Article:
The answer is repetition with variation. As with any motor skill, pedaling becomes naturally more efficient as we practice the movement over and over. The more often you turn the cranks of your bike, the more your pedaling efficiency will improve (as long as you don't exceed your capacity to recover from the fatigue that results from high-volume training).
Simple repetition alone is not sufficient to optimize the rate of improvement in pedaling efficiency, however. To get the greatest benefit from each turn of the cranks, it is important to constantly vary your pedaling in a number of ways.
By variation I mean, specifically, challenging the limits of your pedaling capacity in different ways. Throwing disparate types of pedaling challenges at your neuromuscular system forces it to get creative--to try out different patterns of muscle recruitment, some of which will be more efficient, others of which will help you resist fatigue better.
Each bike workout you do within your weekly training regimen should be somewhat unlike the others. Following are the five major variables you should manipulate in order to challenge your neuromuscular system and stimulate rapid pruning of waste from your pedal stroke.
Speed/Intensity: The most important variable to manipulate in training is speed, or intensity, because fatigue results from different causes at different pedaling intensities, and experiencing fatigue from different causes stimulates performance-boosting physiological adaptations.
The four major speed/intensity levels you need to incorporate regularly into your training, in order of decreasing volume, are moderate aerobic intensity (a comfortable but not dawdling pace), threshold intensity (roughly 40km race pace), VO2 max pace (a pace you can sustain no longer than 10 minutes) and maximum power.
Duration: The greatest stimulus for fitness adaptations occurs when you pedal in a fatigued state. This is when your neuromuscular system really has to get creative to find new patterns of muscle recruitment to sustain a desired speed. Obviously, fatigue develops at different rates at different intensity levels, so you will need to manipulate the intensity and duration workout variables together.
You don't have to ride to the point of extreme fatigue in every workout, but you should complete one long-duration/moderate-intensity ride ending in moderate to significant fatigue and at least one high-intensity/shorter-duration ride ending in moderate to significant fatigue each week, most weeks.
Gradient: Pedaling uphill presents a very different physiological challenge than pedaling on level terrain--that's why new leaders emerge when the Tour de France hits the mountains each year.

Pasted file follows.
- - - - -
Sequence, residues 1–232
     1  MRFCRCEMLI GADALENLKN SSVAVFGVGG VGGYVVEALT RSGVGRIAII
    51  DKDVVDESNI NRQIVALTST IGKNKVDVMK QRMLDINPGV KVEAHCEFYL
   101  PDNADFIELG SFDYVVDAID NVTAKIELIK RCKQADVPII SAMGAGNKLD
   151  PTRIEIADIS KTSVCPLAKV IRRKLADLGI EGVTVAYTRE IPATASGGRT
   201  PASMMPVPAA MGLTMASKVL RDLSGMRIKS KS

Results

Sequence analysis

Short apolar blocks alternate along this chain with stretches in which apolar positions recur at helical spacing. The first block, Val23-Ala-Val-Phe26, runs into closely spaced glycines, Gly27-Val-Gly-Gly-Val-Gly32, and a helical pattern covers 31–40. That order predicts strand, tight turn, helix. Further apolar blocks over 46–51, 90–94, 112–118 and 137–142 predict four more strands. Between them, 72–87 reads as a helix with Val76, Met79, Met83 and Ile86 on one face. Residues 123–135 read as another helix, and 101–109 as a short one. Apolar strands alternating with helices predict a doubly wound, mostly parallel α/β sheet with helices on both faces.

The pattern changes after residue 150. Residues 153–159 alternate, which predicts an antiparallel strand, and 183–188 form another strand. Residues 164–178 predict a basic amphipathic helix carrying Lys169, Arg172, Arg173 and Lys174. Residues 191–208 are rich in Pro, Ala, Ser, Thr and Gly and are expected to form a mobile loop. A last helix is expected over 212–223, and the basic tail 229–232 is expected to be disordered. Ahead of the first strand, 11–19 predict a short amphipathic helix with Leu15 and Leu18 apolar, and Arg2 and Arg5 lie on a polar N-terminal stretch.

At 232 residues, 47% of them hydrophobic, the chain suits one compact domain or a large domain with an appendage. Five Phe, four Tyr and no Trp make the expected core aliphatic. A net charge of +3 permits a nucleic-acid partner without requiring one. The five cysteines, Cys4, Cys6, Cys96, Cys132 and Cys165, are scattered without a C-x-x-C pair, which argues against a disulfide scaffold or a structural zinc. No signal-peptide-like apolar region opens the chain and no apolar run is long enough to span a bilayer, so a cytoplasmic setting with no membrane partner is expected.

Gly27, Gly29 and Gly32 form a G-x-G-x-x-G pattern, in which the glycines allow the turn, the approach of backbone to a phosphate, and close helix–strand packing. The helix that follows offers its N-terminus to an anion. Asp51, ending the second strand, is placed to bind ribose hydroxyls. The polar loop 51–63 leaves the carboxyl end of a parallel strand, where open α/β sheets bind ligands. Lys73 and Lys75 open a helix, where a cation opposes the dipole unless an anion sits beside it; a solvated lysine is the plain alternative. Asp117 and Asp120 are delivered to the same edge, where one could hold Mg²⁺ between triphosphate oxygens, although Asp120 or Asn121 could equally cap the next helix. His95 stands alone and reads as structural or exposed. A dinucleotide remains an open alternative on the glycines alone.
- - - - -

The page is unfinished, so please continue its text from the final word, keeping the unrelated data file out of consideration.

You should experience challenging hill climbs in at least one bike workout per week (either in the form of hilly longer rides or in the form of high-intensity repeated hill climbs). But not all of your rides should be hilly--otherwise, where would the variation be?
Force: Pedaling in high gears presents a different sort of challenge to the neuromuscular system than pedaling in lower gears. Your muscles must produce more force to sustain a given speed in higher gears.
This is also the case when climbing hills, but equivalent levels of force application represent different physiological challenges on hills and flats due to the differences in joint angles and gravitational resistance in the two situations. So it's beneficial to challenge your force production capacity by cranking up the gear ratio and pedaling hard sometimes in training.
Cadence: You can produce a given level of power (speed) at various pedaling cadences, only one of which will feel most natural; all others will feel either slower or faster than natural. Pedaling at faster and slower than natural pedaling cadences also challenges your neuromuscular system to adapt by finding new efficiencies.
Pedaling in high gears automatically constitutes a slower-than-natural cadence training challenge. A good way to challenge your capacity to produce high cadences is the spinout drill, where you shift into your lowest gear and pedal as fast as possible for 30 to 60 seconds.
A small amount of formal cadence training is sufficient. But I also recommend being a little playful in your gear selection and pedaling cadences in most of your normal training rides, sometimes resisting the urge to shift into a lower gear and increase you cadence, other times doing the opposite. This will add another small layer of variation to workouts whose primary purpose is other than formal cadence training.
Active Expert Matt Fitzgerald is the author of several books on triathlon and running, including Runner's World Performance Nutrition for Runners (Rodale, 2005) and his newest, Brain Training for Runners.